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Feelings for work affect our loyalty

Painting Igor Knez

“People who strongly identify themselves with their job are more loyal and enjoy their work more because they feel that it is a part of themselves, a part of their identity,” Igor Knez professor of psychology at the University of Gävle.

So what do you do then?

Igor Knez does research on the identity and how one identifies oneself in different situations. He suggests that work plays a central role in our lives, that it is one of our purposes in life. One works and works and identifies oneself with one’s job.

“Often when one meets old friends it takes only a few minutes before the question comes up: “So what do you do then?”

“Your work indicates your financial and social status. Work has an enormous importance, and you are evaluated according to what you work with. Even as a child we get asked: “What do you want to be when you grow up?”

We identify ourselves with our work

The work-related identification can be defined on three levels, where one develops a kind of loyalty and identity.

  • At the organisational level
    “I like the organisation that I work for. I am proud to work there and try at every opportunity to tell people how great it is at my workplace.”
  • At the working group level
    “I identify myself with my colleagues and it is there my loyalty lies. Colleagues mean a lot to me.”
  • Professional identity
    “I identify myself primarily with my work. The most important thing for me is to do my job and advance in my field.”

Feelings always go first

The first thing that happens when one starts to develop identification with work is the feeling of closeness/belonging, one establishes an emotional connection to work. Later job-related memories and experiences establish further identification.

“But feelings take precedence over intellect. I like it, I love it, this is a part of me, it belongs to me, a feeling of ownership. Then the intellect 'kicks in' and adds to it. You cannot create anything, like anything, if your feelings are not included from the beginning – that’s the point. You even have to work for a certain length of time, to be able to establish that emotional connection.”

He compares it with the feeling when one moves to a new city. How many times have you needed to go away on holiday before you can feel that when you get back, you have come home?

The memory reinforces the emotion

The stronger the emotional connection the more the intellect, thoughts, memories and experiences become connected to it and become a part of it.

“The one presupposes the other. When I get strong feelings for the job then I use memories to boost them and that is what I share with others when I describe my fantastic job and /or workplace.”

“On the other hand if you do not identify particularly with your work, then you don’t think that there is anything much to talk about.”

Working overtime and for free

The stronger the sense of identity you feel then the more motivated you are. People who identify strongly with their job work overtime, feel more fairly treated regarding salary and career, and can in addition work well under stress. They feel that work, the working group is a part of themselves, a part of their identity.

“The more work becomes a part of yourself the more positive you are about things in your environment. Even experiences of fairness are affected.”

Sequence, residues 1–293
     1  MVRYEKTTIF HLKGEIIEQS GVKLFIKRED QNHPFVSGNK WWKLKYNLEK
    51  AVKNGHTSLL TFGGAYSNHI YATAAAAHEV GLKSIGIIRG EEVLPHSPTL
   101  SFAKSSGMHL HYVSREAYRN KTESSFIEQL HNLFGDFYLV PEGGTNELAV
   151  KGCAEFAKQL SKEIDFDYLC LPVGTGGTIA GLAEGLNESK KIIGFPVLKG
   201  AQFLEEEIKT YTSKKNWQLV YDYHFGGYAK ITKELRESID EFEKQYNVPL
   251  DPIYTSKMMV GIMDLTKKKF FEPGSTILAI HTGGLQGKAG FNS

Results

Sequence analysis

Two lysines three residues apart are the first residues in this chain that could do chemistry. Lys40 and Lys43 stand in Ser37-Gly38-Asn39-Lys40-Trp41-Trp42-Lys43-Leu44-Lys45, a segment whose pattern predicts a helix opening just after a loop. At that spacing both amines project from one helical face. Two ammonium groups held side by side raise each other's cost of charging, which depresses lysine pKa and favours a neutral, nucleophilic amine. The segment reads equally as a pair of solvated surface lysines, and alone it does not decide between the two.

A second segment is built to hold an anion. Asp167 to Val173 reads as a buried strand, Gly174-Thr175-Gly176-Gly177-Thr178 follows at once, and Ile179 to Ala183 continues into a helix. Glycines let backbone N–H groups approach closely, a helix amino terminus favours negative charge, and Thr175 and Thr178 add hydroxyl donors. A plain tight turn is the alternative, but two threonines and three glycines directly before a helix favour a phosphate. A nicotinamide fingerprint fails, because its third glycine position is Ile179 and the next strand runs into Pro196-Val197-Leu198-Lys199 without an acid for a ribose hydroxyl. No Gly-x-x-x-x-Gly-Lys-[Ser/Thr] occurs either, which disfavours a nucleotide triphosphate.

Changes adversely affect the loyal employees

The other side of the coin is that if one, for example, restructures the organisation and splits up a group of colleagues that identify strongly with their job, then the employer can have problems with those individuals.

“Building up the connections of loyalty between colleagues is a difficult process and it takes time. There is a risk that certain people will demonstrate and even sabotage the work; retaliate because “one has not understood that one destroys a well-functioning group!”

In the case of redundancies those who have very strong identifications with the job will feel the worst about being laid off. Whilst those with strong professional identity will think that it is a pity, but quickly look for another job where they can use their skills.

“Also, interestingly enough, those with lower education often have a stronger organisational identification than those with higher education. They find it more difficult to change jobs and are more dependent on and more loyal to their organisation.

Employers unaware

Many employers and managers are completely unaware of these mechanisms. How we function psychologically at work and how one should develop and combine people in order to get the most well-functioning work environment possible.

Being aware of this is important when one reorganises or restructures. How shall we coordinate everything? What company culture exists, which identifications, which groups do people belong to, and which loyalties do they have?

“The management draws 'boxes' to reorganise colleagues when a restructuring is on the cards and believe thereby that it is all fixed. However, it can take several years, with a lot of gnashing of teeth and great expense before the new organisation has settled down and started functioning!”

“Be careful when reorganising a workplace, see the value of that which has already been created. Take it into account and allow the co-workers be a part of the change. Give them the possibility to create the new groups and loyalties,” says Professor Igor Knez.


For further information, please contact:
Igor Knez, Professor of Psychology at the University of Gävle
Tel: 026-64 81 11
Email: igor.knez@hig.se


Text: Douglas Öhrbom
Painting: "People on a quest" av Igor Knez

Published by: Douglas Öhrbom Page responsible: Anders Munck Updated: 2016-04-13
Högskolan i Gävle
Box 801 76 GÄVLE
026-64 85 00 (växel)